Gerard Baden-Clay: Threat of appeal looms over Allison’s family

Gerard Baden-Clay has 28 days to lodge an appeal for against his conviction and sentence for the murder of his wife Allison.

Baden-Clay was found guilty of murdering his wife at their home in the western Brisbane suburb of Brookfield on April 19, 2012, and dumping her body on the muddy banks of Kholo Creek at Anstead, about 14 kilometres away.

The 43-year-old, who has steadfastly maintained his innocence, began shaking violently at the jury delivered its verdict about midday on Tuesday.Full coverage

He was sentenced to life imprisonment, to serve a minimum of 15 years without parole.

However, the threat of an appeal looms over Mrs Baden-Clay’s family and friends and the homicide detectives who dedicated countless hours to gathering evidence against the former prestige real estate agent.

Baden-Clay’s defence solicitor Peter Shields would give no indication of a possible appeal when questioned by media outside the Supreme Court shortly after the verdict was announced.

“It would not be appropriate to comment on an appeal at this stage,” he said.

Justice John Byrne was scathing in his sentencing remarks about Baden-Clay and warned future prison parole boards not to be duped by the 43-year-old’s ability to lie.

“You are given to lies and public deception so much so that whatever you may say on any application for parole, 15 years or more hence, will need to be assessed with considerable scepticism,” he told the murderer.

Unlike during the trial of Brett Peter Cowan, who was convicted earlier this year of murdering Sunshine Coast schoolboy Daniel Morcombe, Baden-Clay’s defence team made no applications for mistrial.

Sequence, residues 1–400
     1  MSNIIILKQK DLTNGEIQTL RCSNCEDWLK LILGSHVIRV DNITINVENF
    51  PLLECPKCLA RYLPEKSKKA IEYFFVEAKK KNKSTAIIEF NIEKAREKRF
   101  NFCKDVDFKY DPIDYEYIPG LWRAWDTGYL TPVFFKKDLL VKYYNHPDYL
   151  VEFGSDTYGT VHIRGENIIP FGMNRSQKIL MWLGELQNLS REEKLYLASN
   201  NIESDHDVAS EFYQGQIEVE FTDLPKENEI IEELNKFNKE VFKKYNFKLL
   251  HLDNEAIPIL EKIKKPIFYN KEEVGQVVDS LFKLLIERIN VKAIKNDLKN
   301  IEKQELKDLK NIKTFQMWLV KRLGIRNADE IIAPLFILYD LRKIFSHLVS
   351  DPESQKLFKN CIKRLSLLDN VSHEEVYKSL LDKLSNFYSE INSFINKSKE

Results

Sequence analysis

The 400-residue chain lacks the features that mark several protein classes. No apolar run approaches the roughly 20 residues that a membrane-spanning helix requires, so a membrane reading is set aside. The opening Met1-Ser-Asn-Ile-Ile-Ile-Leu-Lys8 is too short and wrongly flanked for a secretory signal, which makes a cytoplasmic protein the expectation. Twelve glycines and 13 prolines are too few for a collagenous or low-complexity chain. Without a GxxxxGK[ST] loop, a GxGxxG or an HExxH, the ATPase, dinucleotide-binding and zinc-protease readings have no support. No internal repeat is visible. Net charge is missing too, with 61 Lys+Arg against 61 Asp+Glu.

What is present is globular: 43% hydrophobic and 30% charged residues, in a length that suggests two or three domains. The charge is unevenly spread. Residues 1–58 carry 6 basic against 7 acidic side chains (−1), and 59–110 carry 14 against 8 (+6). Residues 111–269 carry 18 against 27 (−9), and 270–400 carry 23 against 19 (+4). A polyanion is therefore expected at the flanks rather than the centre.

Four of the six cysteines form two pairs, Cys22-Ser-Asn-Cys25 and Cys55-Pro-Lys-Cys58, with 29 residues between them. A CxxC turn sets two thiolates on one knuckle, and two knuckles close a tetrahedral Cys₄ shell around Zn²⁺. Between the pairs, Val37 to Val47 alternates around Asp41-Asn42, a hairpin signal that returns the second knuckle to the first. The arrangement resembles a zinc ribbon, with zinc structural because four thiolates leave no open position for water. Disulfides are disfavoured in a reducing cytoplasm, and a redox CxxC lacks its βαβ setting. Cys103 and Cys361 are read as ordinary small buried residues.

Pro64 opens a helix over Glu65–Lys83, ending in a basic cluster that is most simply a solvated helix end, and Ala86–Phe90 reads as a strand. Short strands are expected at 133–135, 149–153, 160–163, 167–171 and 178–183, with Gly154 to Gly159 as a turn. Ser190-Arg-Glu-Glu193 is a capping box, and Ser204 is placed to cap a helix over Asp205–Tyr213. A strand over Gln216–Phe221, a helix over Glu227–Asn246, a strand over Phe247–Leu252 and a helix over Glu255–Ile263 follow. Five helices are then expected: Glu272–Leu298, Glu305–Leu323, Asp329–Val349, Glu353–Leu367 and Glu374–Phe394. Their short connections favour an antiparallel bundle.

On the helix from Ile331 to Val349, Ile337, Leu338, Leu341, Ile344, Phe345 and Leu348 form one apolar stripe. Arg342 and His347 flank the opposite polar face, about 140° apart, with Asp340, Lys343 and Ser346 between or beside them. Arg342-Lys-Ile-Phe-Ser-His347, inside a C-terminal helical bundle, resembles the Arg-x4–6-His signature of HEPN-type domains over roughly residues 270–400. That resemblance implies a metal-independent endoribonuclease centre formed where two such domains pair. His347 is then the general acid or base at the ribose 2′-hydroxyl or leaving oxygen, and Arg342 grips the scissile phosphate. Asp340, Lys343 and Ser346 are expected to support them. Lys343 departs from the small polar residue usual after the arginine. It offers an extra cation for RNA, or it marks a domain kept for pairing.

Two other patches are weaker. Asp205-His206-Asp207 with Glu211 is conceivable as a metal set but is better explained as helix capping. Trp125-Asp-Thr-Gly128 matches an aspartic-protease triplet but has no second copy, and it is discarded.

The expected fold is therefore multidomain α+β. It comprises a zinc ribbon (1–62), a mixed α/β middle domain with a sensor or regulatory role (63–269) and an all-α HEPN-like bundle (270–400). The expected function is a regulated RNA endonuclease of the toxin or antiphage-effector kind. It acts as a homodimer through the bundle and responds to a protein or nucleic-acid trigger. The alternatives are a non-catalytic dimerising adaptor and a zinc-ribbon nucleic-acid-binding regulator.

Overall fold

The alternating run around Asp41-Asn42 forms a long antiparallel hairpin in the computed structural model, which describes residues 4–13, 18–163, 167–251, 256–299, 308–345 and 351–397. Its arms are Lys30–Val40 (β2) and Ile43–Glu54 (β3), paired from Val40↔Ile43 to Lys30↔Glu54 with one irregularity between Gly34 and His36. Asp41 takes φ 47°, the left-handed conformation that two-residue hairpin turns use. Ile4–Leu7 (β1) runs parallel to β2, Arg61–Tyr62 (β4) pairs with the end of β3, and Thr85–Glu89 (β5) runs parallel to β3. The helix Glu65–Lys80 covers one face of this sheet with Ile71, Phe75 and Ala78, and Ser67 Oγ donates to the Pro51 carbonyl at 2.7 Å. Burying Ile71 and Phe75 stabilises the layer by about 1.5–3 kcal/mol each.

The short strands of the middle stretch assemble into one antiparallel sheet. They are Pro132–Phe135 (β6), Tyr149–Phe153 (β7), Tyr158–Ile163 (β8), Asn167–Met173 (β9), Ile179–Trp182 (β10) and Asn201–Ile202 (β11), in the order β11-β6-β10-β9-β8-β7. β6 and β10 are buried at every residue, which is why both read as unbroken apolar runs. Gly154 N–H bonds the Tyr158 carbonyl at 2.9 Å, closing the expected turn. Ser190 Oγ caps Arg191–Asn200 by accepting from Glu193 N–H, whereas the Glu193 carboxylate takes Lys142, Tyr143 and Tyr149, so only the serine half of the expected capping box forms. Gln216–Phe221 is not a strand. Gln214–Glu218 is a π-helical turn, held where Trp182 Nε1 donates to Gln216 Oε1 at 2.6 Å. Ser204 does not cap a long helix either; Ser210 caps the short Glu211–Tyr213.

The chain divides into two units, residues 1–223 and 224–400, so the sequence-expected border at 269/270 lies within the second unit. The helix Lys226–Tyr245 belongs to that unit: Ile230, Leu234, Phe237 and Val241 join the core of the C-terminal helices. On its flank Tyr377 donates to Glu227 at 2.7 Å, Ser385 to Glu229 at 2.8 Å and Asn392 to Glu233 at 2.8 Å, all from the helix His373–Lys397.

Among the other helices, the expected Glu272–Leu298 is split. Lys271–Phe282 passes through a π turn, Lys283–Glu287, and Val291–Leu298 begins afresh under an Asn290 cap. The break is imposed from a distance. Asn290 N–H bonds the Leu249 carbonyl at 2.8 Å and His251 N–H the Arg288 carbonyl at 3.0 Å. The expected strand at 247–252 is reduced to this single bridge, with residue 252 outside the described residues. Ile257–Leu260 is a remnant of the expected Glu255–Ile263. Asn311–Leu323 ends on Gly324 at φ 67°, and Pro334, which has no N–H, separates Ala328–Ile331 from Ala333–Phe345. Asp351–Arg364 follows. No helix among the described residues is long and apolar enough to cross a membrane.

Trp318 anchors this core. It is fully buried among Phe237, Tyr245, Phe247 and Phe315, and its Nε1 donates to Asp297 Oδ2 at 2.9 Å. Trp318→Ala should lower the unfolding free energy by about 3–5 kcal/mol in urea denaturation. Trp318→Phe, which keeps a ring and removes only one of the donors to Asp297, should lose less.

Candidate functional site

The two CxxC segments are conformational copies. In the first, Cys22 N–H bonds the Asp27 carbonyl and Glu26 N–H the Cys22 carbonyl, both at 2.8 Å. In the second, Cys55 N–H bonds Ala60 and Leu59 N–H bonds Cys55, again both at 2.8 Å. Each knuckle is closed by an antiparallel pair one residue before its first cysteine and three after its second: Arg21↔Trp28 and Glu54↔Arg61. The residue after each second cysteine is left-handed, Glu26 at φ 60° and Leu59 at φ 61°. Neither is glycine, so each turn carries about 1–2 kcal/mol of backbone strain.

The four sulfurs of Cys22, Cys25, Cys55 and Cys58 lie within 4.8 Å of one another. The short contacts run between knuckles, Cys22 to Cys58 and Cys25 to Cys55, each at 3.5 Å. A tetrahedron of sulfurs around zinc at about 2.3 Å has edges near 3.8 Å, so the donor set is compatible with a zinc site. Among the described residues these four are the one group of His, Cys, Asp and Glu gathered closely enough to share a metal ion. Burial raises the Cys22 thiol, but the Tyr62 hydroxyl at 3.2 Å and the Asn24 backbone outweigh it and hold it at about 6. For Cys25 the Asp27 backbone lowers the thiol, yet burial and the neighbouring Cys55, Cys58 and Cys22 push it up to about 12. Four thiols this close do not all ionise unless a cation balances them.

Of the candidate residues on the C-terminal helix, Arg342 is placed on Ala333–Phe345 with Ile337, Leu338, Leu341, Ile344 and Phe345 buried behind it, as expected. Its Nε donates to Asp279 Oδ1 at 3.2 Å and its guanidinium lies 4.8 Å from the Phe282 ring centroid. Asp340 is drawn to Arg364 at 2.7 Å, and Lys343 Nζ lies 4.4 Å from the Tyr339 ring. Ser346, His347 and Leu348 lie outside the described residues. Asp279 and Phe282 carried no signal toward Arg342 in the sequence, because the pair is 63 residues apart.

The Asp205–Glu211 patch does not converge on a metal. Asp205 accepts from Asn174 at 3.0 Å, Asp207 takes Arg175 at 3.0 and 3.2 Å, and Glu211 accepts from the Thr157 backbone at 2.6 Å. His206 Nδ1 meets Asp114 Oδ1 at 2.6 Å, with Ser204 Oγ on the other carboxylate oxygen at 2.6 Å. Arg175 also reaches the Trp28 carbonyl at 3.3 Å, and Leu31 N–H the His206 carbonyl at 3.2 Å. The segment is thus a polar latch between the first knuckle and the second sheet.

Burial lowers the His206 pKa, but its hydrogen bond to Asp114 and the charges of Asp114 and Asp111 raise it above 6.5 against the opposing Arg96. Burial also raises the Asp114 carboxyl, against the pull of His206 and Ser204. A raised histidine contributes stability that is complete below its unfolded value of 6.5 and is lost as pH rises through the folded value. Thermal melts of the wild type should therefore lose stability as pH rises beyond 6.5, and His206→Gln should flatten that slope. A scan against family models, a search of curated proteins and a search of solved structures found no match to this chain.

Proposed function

Cowan’s lawyers made two applications for mistrial due to alleged ‘‘prejudicial publicity’’ about their client in the media on which they have since based an appeal.

Baden-Clay has no such application on which to rest an appeal.

The cases of Raymond Carroll and Graham Stafford are among the most high-profile, successful murder appeals in Queensland’s recent history.

Mr Carroll was convicted of murdering Ipswich toddler Deidre Kennedy and throwing her body on the roof of a toilet block 500 metres from her family’s home in 1973.

The critical evidence in the case came from eminent odontologists, who said it was Carroll who had made the bite marks on Deidre’s body.

However, Carroll was later acquitted, with the Court of Criminal Appeal putting considerable weight on what it regarded as discrepancies in the dental experts’ testimonies.

Mr Carroll was convicted of perjury in 2000 for lying on the stand at his trial when he claimed he had not killed the toddler.

But he was acquitted again, with the case progressing all the way to the High Court, meaning Mr Carroll could never be tried again.

Graham Stafford, a former sheet metal worker from Goodna, was convicted of murdering his girlfriend’s sister Leanne Holland with a hammer and dumping her body in Redbank Plains in 1991.

Mr Stafford appealed his conviction on three occasions, also claiming his innocence in the High Court.

His conviction was overturned in 2009, after the Court of Appeal found Leanne may have died the day after police alleged Mr Stafford killed her.

Under Queensland law, an appeal against conviction may involve a complaint regarding the way in which the trial was conducted.

The most common grounds for appeal against a conviction include: the verdict was “unsafe and unsatisfactory”, there was an error of law, or there has been a miscarriage of justice.

For its part, the Queensland government extended the non-parole period for murder from 15 to 20 years in August 2012, but the legislation was not made retrospective and therefore does not apply to Baden-Clay.

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